- How did you become involved in communications?
I was a PR boy from the start, working for some major global PR firms and then became self-employed and moved into marketing and communications, and into business. I developed my focus from what you want to say and who you want to say it to, to how you want to say it, the look and feel of your brand and understanding what brands are.
- What are the advantages and challenges of being a chief executive and leading communications?
The advantages include the ability to think "brand". Whether you are in the public, private or third sector, selling your brand is important - what makes you different and why people want to buy into you. As a chief executive I can help to promote and to defend the brand. The challenges are to ensure that I don't get caught up in the detail, and leave day-to-day operations to the team.
- How do you use PR to improve the image of young people after the summer riots?
I was horrified at the language used by politicians referring to the young people involved. Our job is to make sure you cannot tar all young people with the same brush. Our blog is a key way of informally addressing issues raised by the riots. We are also meeting politicians behind closed doors to help them develop a deeper understanding of causes.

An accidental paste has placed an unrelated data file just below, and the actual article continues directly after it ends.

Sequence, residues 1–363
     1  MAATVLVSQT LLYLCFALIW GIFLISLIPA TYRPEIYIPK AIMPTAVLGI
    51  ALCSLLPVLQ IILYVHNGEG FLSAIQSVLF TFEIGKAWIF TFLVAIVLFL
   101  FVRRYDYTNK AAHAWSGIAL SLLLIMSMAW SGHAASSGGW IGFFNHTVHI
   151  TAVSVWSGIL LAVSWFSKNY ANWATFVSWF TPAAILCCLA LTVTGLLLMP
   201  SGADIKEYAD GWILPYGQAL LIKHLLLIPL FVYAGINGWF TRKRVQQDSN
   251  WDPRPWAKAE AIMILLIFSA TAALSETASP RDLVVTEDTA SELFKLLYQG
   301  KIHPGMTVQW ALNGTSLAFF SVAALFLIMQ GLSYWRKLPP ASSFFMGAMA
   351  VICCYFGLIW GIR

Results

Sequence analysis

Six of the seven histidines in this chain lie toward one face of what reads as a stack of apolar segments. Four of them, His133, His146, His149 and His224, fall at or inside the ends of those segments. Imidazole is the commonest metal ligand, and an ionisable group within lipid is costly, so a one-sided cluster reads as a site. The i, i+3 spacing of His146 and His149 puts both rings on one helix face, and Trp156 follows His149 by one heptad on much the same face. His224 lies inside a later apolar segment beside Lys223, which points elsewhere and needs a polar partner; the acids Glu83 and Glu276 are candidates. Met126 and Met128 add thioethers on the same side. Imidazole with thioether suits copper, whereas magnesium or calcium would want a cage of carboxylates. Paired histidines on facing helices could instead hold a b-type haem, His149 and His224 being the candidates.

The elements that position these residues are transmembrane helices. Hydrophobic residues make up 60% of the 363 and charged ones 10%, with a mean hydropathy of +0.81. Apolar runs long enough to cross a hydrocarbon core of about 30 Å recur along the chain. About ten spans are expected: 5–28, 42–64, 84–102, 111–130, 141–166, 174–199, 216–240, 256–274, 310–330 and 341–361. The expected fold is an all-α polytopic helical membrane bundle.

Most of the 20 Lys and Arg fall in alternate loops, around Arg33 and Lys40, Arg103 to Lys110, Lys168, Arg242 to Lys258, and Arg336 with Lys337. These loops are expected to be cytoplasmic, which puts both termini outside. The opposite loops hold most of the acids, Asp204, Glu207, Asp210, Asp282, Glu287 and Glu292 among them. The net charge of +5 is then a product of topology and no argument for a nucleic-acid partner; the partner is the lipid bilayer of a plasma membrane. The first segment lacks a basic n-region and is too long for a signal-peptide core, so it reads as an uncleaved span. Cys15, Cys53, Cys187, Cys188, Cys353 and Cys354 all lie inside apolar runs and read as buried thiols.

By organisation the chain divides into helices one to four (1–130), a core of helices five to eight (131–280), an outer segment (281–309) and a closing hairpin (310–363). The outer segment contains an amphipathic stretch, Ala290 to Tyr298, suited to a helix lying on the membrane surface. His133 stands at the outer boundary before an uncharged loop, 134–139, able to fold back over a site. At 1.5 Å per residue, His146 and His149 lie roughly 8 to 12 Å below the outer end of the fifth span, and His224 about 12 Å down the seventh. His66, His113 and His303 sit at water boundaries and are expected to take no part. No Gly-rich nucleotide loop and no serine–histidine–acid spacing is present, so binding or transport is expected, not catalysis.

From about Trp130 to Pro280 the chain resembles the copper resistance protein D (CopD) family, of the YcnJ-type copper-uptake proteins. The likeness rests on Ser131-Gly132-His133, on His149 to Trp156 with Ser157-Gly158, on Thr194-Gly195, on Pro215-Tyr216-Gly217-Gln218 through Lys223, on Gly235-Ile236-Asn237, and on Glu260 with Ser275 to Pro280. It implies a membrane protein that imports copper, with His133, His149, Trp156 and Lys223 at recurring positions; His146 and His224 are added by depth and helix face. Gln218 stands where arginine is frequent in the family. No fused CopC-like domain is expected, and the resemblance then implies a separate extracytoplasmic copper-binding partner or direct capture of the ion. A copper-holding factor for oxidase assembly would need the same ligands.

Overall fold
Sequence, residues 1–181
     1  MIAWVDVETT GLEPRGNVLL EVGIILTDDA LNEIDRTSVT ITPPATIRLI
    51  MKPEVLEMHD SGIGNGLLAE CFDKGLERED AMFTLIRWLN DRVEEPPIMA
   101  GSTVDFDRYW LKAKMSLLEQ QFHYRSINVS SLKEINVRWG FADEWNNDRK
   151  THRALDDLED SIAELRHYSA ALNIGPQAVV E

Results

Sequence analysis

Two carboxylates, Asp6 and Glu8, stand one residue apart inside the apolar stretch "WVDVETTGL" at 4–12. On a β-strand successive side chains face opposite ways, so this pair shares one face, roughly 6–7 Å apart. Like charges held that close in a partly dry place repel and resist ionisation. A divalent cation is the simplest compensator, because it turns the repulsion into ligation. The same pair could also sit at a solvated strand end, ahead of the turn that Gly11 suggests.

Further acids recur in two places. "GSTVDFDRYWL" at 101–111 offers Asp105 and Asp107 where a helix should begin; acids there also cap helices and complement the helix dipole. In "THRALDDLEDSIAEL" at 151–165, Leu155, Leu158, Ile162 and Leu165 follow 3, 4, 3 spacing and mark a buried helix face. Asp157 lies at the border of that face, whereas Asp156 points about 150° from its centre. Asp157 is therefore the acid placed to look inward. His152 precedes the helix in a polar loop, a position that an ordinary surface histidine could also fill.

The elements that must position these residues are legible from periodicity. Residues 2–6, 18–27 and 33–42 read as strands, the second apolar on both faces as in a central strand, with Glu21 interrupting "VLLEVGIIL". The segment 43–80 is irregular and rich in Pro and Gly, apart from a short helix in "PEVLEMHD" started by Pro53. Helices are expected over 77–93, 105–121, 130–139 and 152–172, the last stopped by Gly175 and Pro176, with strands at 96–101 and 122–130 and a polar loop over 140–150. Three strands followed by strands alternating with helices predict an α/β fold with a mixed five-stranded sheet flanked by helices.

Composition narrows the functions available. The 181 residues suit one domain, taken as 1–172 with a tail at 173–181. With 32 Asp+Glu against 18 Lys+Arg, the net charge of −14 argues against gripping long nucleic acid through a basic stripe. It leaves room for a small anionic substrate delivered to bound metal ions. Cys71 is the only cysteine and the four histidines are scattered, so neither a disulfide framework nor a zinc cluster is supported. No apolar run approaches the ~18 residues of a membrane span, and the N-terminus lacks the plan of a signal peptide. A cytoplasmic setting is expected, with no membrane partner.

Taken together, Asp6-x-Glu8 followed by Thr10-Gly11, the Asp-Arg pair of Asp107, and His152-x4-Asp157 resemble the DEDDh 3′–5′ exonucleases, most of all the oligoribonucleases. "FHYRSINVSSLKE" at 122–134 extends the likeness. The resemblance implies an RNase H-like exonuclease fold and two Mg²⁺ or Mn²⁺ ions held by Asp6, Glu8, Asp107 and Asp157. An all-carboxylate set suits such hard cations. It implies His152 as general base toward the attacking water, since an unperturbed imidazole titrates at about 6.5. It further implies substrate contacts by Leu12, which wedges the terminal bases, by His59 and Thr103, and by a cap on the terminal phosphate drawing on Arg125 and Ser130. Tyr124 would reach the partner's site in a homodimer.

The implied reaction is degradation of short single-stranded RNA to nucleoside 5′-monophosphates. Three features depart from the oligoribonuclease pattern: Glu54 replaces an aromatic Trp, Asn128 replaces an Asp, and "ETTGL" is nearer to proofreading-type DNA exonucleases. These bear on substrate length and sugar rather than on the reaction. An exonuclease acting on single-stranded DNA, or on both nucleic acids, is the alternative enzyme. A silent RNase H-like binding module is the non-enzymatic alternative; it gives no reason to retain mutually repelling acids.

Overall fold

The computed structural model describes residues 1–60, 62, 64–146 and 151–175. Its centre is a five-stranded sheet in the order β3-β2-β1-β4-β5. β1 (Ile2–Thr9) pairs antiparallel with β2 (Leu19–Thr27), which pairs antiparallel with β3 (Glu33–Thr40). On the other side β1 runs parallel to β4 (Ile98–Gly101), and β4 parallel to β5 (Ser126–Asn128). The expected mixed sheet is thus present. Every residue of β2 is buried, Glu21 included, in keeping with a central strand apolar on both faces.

- Which other charities' PR do you admire?
On an emotional level, it has to be Save the Children. Its sophisticated PR strategy works internationally but begins internally with employees subscribing to its vision and values. This is crucial to successful PR.
- How can PR help young people without work and qualifications?
It can persuade people to share the organisation's point of view. You can motivate young people - find out what they want to achieve and show how you can help them do so.